All episodes written by: Howard Overman
Do you miss Buffy the Vampire Slayer and just wish that the show had been a little more nasty and full of cursing? Well, then, I have the show for you! The show is hilarious, sometimes legitimately trilling and even scary, fun, well paces, defiant, subversive, and just a fun watch. It helps that, just like most British shows, the season is a tightly packed six hour-long episodes, so the action never lets up and the show knows exactly where it wants to end up. It’s not the most original show I’ve ever seen, as I said it owes so much to Buffy that sometimes it kinda feels like a bit of a ripoff, but it’s anything but boring.
Cara Theobold (Downton Abbey) plays Amy, a mentally ill young woman who has just stopped taking her anti-psychotic medication. Her illness is that she sees some people’s faces as demonic – their flesh is peeling off and just below the surface of the skin is a hell-like fire. One evening one of these people she sees as demonic begins to attack her, and she is rescued by a foul-mouthed young woman named Raquel, played to perfection by Susan Wokoma (doing a 180 from the ultra religious character she hilariously plays on Chewing Gum). Raquel informs Amy that she is not actually crazy, instead she is a “seer”, someone who can identify those possessed by demons. While I really did like the show, I really wish they had played a little more with the audience. The awareness that Amy was not actually crazy came a bit too soon in my opinion, it would have been more fun, I believe, had the audience not really known if what she saw was true or not – if we were asked to root for someone who perhaps was just deranged and attacking people for absolutely no reason, other than because her sanity was in question. Instead, the mythology of the series kicks in right away and any doubt of these characters’ sanity is quickly dispelled.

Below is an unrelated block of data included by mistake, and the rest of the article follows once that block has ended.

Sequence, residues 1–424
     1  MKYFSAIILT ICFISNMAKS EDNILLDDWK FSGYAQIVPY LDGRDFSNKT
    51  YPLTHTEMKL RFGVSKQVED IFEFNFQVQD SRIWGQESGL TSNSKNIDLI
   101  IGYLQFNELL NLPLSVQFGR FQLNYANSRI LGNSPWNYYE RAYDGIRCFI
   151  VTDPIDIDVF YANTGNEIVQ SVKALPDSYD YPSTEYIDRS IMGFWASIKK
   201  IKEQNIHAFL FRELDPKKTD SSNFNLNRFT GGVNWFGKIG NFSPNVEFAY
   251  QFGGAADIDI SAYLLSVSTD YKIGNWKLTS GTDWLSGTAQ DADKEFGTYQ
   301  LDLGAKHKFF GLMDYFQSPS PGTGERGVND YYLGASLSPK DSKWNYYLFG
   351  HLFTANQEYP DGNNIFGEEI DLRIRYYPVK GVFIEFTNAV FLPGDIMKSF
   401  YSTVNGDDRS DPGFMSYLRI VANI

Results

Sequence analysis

We soon find out that the demons have a plan, and they are led by Callum (Tony Curran), who poses as the girls’ psychiatrist, who hilariously always kills or beats someone anytime his plans don’t go exactly according to plan. Let it just be said that his plans don’t go according to plan quite often so there are a lot of casualties in his wake. The girls take it upon themselves to fight the demonic opposition, even if they don’t really have a good plan – just balls, some underwhelming weapons, and a lot of misplaced belief in themselves. They are sometimes aided by Jake (Lewis Reeves), Amy’s friend and coworker who has a crush on her and is turned on by all things gross, lesbian, and weird. The actor playing Jake is so charming, funny, and innocuous that he turns a character that could so easily be gross and threatening into something quite cute and even weirdly pure. Arinze Kene plays Tyler, Raquel’s brother and Amy’s love interest, and while he isn’t given much to do and isn’t a very interesting actor or character, he is very very pretty to look at, so there’s that.
Aside from demon fighting, there is a little bit more mythology. While trying to exorcise a demon that entered her best friend/roommate Suzanne (an exorcism that involves peeing on the friend), Amy accidentally turns her into a revenant/zombie. Suzanne (Riann Steele, Scrotal Recall) is then forced to fight between her human and inhuman natures, which has disastrous and hilarious consequences.
I am excited to see how the show progresses, how the friendship between the two leads flourishes, and all the funny, scary, cringeworthy places the show goes to next. I’ve been missing a fun and hilarious horror-esque show, and as someone who was a huge Buffy fan in its heyday I now have two new demon ass kicking cool chicks to root for, and that’s pretty badass!